"Mr. Kirk," Edith responds playfully, "I believe you're trying to convince me that you're from the future."
"Is it working?" he asks with a winning smile. Laughing, she opens the front door to the apartment building.
"Thank you for the walk," she says. "Come up the stairs with me for a moment. I have something for you."
He waits outside her room, noting the way Spock peers out into the hallway. He waves him off and rocks forward on the balls of his feet. He wonders what the inside of her apartment looks like, if he'll ever get to see it, if she's really going to—
She joins him in the hallway and presses a hardcover book into his hands.
"Here," she says. "I want you to have it."
The book lacks its dust jacket, but on the spine is printed A Tale of Two Cities. It's a minute before Jim can speak.
"Thank you," he murmurs.
"Do you know it?" she asks.
"Yes," he says, touching the cover. He stands in headquarters and sees an older version of himself in a red uniform, doing the same. He blinks and everything is again as it should be.
"Are you well?" Edith asks, laying a hand on his arm.
"Fine," he says, shaking it off. "Just tired."
"Well," she says softly, "good night."
USS Enterprise, Stardate 2261.202
Jim wakes with a stiff neck and the stale taste of coffee in his mouth. He's sweating, and his arm is draped over something warm. Blinking to clear the sleep from his eyes, it takes a few seconds for him to recognize the red wall hangings and exotic artifacts. Spock's heart beats against his wrist. Jim shifts closer, pressing his face to Spock's shoulder.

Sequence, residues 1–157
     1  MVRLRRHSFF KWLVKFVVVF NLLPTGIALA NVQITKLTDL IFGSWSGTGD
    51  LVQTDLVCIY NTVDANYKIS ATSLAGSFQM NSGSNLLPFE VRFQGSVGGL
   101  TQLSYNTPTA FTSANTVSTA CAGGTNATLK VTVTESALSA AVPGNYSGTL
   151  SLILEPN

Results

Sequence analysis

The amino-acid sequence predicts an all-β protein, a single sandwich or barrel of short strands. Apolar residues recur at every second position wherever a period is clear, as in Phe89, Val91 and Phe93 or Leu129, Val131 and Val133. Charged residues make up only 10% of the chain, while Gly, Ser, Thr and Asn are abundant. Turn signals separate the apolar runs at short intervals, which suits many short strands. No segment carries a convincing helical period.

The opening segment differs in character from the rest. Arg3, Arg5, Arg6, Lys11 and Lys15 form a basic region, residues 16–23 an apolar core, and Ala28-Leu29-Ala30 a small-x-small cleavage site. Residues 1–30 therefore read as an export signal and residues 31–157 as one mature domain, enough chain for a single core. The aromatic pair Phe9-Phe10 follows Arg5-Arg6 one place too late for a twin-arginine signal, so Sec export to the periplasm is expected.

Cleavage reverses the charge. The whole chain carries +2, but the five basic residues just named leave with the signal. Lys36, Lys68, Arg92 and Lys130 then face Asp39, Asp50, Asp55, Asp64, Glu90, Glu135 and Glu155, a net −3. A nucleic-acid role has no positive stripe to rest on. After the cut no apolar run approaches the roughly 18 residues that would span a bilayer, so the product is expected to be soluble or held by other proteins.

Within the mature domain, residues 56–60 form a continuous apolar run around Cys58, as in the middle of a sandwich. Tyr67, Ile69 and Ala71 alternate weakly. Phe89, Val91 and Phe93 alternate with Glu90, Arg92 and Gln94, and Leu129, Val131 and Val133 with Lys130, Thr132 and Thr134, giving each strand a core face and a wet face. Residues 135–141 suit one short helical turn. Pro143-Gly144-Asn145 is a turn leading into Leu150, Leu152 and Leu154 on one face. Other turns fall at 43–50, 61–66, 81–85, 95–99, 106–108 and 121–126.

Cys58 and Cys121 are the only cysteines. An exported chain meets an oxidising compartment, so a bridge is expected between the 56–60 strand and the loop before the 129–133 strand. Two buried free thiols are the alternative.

What if Spock is right, and his blindness can't be reversed? Starfleet would never approve him remaining on board as a consultant. His disability could prove a liability. There are rumors of a device in development at Central Hospital on Altair IV, a visor that may one day enable sight, but it is years if not decades from practical use. The destruction of the Vulcan Science Academy will have slowed progress further. Maybe Starfleet will grant the Enterprise permission to shuttle Spock to New Vulcan, but more likely they will order him delivered to the nearest space station. Why use the flagship to deliver a single passenger? Spock would side with Starfleet; it would be illogical to devote the resources of the Enterprise to a task that could easily be accomplished by a long-range passenger shuttle. Starfleet could order this within the day, as soon as Bones's report on Spock's condition and his prognosis of "no cure" reaches them.